Funded by the National Institutes of Health/Brigham and Women's Hospital/Boston University

Funding years: 2010-2013

The rapid identifcation of genetic risk factors for common, complex diseases poses great opportunities and challenges for public health. Genetic information is increasingly being utilized as part of commercial effors, including direct-to-consumer (DTC) genetic testing to provide risk information on common diseases to consumers. Very few empirical data have been gathered to understand the characteristics of DTC test consumers, the psychological, behavioral and health impact (clinical utility), and the ethical, legal and social issues associated with DTC services.

In the proposed research, we will survey users of the two leading US companies providing DTC genetic testing (23andMe and Navigenics) regarding their response to genetic test s for common diseases of interest, including heart disease, diabetes, Alzheimer's disease (AD), arthritis, and breast, colon, lung and prostate cancers. Each company now has thousands of customers and each anticipates extensive sales in coming years. Each has agreed to allow our group to survey consumers using third-party data collection and analysis procedures that will enable an independent consideration of the benefits and risks of DTC testing in this format. The companies have also agreed to provide genetic test information (with respondents' permission) for analyses. A total of 1000 consumers (500 from each company) website will be surveyed via the Internet at three time points: 1) before receipt of genetic test results; 2) approximately two weeks following receipt of test results; and 3) six months following receipt of results.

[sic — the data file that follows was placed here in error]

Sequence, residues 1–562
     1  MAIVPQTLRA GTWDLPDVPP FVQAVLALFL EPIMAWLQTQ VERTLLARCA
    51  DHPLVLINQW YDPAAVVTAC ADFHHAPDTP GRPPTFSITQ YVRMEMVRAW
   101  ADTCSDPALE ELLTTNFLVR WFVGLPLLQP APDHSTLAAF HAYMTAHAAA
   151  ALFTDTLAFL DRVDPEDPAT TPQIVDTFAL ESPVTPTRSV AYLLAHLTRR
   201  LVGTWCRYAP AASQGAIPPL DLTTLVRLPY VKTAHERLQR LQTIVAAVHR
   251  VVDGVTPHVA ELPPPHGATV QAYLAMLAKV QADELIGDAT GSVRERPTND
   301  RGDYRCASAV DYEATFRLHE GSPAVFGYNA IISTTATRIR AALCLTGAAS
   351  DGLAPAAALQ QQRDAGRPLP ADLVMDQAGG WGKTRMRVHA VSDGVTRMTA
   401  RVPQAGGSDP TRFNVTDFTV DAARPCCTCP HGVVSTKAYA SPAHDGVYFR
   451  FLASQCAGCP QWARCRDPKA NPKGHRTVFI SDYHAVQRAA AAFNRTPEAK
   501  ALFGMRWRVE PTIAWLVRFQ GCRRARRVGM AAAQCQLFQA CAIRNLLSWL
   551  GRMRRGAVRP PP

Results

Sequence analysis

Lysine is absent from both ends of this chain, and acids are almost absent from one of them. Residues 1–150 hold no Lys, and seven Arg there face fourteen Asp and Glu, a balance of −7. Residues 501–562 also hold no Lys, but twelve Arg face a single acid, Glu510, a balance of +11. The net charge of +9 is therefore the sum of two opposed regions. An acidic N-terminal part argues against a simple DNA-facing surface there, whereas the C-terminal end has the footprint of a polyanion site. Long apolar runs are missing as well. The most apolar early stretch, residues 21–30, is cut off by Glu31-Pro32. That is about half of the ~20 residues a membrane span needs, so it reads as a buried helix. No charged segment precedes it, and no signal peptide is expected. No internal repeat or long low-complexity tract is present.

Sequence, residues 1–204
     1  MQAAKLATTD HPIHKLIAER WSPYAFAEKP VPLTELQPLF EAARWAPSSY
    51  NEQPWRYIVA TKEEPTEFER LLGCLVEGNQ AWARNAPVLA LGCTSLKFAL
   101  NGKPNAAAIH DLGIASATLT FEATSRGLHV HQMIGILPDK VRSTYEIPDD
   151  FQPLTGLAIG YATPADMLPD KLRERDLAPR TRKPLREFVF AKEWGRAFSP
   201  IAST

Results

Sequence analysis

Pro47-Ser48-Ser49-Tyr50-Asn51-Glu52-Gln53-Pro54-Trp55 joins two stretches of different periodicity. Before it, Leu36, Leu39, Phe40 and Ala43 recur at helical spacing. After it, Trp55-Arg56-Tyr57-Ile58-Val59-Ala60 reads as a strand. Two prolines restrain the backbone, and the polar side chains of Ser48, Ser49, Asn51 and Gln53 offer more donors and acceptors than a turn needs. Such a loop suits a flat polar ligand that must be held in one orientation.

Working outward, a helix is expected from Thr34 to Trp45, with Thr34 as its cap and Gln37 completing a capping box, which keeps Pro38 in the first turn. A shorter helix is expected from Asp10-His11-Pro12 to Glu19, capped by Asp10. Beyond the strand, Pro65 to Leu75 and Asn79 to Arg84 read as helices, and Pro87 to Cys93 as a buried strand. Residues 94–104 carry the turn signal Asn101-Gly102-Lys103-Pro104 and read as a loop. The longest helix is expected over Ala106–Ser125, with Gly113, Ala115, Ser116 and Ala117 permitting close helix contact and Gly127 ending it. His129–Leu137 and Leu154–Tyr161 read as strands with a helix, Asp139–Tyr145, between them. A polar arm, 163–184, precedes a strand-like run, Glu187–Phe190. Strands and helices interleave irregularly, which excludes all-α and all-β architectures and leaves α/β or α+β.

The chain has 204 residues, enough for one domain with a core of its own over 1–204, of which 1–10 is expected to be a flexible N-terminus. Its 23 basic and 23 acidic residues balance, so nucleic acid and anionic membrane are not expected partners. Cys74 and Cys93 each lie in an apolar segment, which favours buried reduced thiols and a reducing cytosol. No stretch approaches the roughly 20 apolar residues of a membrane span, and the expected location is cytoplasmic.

More information: http://www.psc.isr.umich.edu/research/project-detail/35031

PI: Scott Roberts

Co-I: Mick Couper

Researchpalooza

Thu, August 20, 2015, 11:00am to 2:00pm
Location: 
Booth #25, Circle Drive in front of Med Sci I

CBSSM will be attending Researchpalooza 2015! Visit our booth, #25, to learn more about our research.

Check out the Ethics Path available to Michigan medical students through the Paths of Excellence (PoE) program. The ethics path provides opportunities for individualized, independent study, combined with field work with CBSSM, and a capstone project in the M4 year.

Click here for more information about the PoE program.

Research Topics: 
Tue, March 13, 2018

CBSSM's Reshma Jagsi, Sarah Hawley and colleagues found that only half of women who could benefit from genetic testing get it, and often not before they have surgery. Steven Katz was lead author on this study.